A problem I then ran into was I could not always back up out of a console and its collection of games to get back to the main menu. Usually Enter would back up a level through the menus, but in this case it did not. I eventually found that "A" would select a highlighted item and "S" would cancel an action or go back up a level. The Enter key would select items, but not confirm selections. Since there is no mouse pointer in the distribution's interface, it seems the only way to efficiently make use of the environment is to have a gaming controller. I do have a few in the house, and I tried to use them, but none of them turned out to be compatible.
One highlight of the Recalbox experience is the Kodi media centre. It can be launched from a menu on the main Recalbox screen. Kodi presents us with a way to play audio and video files, along with several other options. Getting around the interface with a keyboard instead of a mouse was cumbersome and I would not want to do it with a game controller, but it was functional.
The lack of mouse and proper keyboard support could be a problem in other situations. There are settings menus in the main Recalbox menu, including ones for connecting to wireless networks and performing upgrades. The steps to connect to a wireless network bring up text input boxes and on-screen keyboards. Unfortunately the on-screen keyboards only work by moving the selector over the desired keys and pressing a button to pick the highlighted key. Typing on the physical keyboard does not produce text in the input boxes. I also found that my laptop's touchscreen could not be used to interact with the menus or on-screen keyboards.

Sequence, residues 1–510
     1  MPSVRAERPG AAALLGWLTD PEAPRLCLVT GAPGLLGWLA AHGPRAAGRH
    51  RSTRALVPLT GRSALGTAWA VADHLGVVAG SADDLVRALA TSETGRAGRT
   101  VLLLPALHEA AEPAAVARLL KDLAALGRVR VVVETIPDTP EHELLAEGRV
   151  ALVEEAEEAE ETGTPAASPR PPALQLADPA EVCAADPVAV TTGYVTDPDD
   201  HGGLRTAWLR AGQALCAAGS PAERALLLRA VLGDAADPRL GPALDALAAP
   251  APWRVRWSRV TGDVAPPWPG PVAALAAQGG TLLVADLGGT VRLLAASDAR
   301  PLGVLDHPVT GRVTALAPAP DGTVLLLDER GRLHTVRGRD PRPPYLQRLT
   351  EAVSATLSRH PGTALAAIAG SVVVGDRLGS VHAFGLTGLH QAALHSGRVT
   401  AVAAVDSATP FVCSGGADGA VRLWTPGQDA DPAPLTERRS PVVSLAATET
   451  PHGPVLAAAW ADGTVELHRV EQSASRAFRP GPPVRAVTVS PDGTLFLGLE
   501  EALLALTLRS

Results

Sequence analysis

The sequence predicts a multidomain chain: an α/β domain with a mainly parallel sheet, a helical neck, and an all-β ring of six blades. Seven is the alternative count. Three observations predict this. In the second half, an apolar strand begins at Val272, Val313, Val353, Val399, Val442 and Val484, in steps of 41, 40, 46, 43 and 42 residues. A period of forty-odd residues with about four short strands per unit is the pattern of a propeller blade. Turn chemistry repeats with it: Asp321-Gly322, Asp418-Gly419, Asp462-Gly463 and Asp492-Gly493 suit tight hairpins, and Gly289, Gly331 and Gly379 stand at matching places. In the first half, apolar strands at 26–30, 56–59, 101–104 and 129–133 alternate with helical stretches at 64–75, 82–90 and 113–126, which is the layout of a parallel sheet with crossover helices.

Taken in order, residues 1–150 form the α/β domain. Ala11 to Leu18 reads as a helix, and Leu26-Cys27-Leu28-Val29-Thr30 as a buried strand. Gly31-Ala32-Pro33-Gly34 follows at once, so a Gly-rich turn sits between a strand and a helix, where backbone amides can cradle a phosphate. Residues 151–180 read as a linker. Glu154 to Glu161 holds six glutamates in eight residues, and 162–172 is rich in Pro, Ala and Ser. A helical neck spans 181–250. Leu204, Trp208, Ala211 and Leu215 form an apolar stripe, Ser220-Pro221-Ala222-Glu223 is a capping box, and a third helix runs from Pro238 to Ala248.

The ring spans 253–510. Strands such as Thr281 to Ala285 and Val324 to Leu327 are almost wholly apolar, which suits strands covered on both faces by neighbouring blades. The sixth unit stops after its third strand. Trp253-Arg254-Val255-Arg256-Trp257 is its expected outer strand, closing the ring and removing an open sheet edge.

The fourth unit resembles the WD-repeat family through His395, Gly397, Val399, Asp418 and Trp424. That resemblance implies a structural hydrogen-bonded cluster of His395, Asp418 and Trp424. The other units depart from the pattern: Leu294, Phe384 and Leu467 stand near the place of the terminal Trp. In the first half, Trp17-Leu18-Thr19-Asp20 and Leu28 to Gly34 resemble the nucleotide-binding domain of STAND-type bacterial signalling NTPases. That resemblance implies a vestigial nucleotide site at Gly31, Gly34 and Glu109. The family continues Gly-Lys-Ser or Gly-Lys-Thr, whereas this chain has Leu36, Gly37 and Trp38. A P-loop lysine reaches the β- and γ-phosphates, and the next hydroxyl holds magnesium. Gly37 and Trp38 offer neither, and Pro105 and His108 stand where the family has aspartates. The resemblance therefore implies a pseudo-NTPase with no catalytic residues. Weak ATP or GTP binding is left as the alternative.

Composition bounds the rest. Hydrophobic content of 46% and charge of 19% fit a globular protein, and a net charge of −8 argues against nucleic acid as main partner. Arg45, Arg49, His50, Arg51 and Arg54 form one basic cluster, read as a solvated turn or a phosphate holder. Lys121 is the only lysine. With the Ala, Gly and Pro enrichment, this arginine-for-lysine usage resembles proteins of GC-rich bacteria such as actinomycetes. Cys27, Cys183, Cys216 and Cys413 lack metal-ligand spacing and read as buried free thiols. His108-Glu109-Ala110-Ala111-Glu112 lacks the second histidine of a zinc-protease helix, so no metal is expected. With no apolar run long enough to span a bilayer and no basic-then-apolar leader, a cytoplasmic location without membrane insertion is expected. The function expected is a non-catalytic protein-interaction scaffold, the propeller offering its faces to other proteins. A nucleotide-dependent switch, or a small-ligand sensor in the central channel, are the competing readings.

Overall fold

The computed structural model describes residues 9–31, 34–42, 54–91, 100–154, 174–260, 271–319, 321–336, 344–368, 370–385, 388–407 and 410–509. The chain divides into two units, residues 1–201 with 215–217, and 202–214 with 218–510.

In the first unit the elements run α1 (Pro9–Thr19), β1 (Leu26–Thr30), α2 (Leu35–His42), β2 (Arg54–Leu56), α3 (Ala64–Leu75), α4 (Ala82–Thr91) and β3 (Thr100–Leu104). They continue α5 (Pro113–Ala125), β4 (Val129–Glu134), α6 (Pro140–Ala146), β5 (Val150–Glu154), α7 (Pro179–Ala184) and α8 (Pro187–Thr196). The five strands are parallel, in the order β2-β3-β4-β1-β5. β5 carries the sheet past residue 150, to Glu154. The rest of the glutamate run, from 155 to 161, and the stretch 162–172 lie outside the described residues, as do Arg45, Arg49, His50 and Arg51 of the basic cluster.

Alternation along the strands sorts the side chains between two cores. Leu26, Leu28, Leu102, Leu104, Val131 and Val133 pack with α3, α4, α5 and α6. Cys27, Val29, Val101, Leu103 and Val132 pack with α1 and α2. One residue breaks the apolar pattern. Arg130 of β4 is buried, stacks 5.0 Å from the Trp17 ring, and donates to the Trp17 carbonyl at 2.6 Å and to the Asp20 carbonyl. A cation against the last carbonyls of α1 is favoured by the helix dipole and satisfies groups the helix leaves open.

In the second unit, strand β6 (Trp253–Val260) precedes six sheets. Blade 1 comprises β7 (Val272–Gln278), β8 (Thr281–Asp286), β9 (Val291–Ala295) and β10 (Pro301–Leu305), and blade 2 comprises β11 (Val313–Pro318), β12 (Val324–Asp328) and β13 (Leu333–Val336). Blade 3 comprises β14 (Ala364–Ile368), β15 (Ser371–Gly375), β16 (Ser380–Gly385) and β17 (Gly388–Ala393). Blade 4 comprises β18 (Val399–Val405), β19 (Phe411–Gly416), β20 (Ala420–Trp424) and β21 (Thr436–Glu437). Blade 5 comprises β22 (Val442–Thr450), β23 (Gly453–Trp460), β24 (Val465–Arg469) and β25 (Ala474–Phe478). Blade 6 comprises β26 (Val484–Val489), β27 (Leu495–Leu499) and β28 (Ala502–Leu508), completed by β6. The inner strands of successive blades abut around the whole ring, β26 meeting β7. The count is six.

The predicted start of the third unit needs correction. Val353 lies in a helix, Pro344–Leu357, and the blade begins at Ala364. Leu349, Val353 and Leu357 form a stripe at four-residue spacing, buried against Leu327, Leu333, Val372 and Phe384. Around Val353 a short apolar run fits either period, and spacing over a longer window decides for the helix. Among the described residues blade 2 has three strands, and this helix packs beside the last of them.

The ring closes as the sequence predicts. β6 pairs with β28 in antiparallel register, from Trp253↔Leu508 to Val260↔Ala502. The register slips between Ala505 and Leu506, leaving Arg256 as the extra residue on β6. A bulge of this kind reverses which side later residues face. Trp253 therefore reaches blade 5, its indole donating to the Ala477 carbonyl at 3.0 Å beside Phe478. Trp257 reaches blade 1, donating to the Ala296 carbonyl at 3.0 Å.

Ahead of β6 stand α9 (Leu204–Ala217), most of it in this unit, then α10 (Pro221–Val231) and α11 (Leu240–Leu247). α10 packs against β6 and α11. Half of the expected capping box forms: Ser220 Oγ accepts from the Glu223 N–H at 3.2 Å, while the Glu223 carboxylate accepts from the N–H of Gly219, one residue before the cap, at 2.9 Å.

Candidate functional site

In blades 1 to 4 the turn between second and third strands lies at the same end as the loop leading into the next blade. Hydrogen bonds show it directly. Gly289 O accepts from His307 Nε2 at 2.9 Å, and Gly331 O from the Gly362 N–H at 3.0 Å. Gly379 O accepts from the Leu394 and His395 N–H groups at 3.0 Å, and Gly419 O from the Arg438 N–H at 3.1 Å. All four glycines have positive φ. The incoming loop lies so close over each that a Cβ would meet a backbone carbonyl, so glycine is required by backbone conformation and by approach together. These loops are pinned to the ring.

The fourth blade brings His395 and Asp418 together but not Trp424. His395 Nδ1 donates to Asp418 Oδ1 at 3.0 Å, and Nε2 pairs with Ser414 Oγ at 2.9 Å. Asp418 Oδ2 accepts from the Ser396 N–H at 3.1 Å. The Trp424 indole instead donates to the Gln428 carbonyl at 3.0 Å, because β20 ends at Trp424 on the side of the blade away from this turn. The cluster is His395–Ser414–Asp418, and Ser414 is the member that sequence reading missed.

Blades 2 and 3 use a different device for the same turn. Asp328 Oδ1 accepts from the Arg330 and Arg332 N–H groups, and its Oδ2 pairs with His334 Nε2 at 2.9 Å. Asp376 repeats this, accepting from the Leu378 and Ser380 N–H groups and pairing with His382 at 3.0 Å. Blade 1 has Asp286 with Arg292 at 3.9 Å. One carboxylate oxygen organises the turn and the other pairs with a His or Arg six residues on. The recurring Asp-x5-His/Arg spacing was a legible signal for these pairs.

Recalbox uses about 2.2GB of disk space for its operating system. About another 275MB is set aside for shared data, presumably pre-loaded games, and background music that plays on the main menu. Very little memory is used, generally in the range of 100MB to 200MB of RAM. This allows Recalbox to run on lower-end hardware, including single-board ARM computers, such as the Raspberry Pi. In the background, the distribution uses SysV init and runs on version 4.15 of the Linux kernel.
Recalbox is one of those projects which I suspect is quite good at what it sets out to do, its functions are just outside the realm of my usual experiences. I don't have compatible game controllers in my home to use with it, I am a keyboard and mouse user rather than game controller user. I don't need a game console or media centre as I have access to emulators and media applications on my workstation which adequately fill my needs. I'm not likely to fire up retro games and sit around with a group of people, passing controllers around the room.
However, if I were, I believe Recalbox would fill the role nicely. Apart from its unwillingness to use keyboard and mouse input for some functions, the system appears to offer a handful of good approaches. The interface is simple and geared towards the controllers its users are likely to have on hand. It ships with some free games out of the box. Recalbox also provides a lot of emulated platforms and some neat features such as the ability to rewind some (maybe all?) games to undo mistakes. The distribution appears to provide a simple, user-friendly appliance, at least while running on physical hardware. I wouldn't recommend running it in a virtual machine.
I also like that the distribution does not need to be installed. We only need to copy the image file to a removable device and plug it in. Also, when not being used as a gaming platform, Recalbox can launch Kodi and access media files. This, combined with the platform's ability to connect to local networks, make it an appealing option for people who want a Linux-based classic gaming platform in their home.
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Hardware used in this review
My physical test equipment for this review was a de-branded HP laptop with the followingspecifications:
Processor: Intel i3 2.5GHz CPU
Display: Intel integrated video
Storage: Western Digital 700GB hard drive
Memory: 6GB of RAM
Wired network device: Realtek RTL8101E/RTL8102E PCI Express Fast